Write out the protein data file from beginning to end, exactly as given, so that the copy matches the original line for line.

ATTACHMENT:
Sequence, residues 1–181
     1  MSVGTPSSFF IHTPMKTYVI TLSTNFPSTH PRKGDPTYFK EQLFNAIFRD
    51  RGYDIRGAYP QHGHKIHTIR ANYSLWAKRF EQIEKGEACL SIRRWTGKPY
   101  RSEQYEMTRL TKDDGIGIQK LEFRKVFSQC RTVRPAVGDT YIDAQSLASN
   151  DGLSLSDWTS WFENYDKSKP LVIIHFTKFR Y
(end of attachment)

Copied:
Sequence, residues 1–181
     1  MSVGTPSSFF IHTPMKTYVI TLSTNFPSTH PRKGDPTYFK EQLFNAIFRD
    51  RGYDIRGAYP QHGHKIHTIR ANYSLWAKRF EQIEKGEACL SIRRWTGKPY
   101  RSEQYEMTRL TKDDGIGIQK LEFRKVFSQC RTVRPAVGDT YIDAQSLASN
   151  DGLSLSDWTS WFENYDKSKP LVIIHFTKFR Y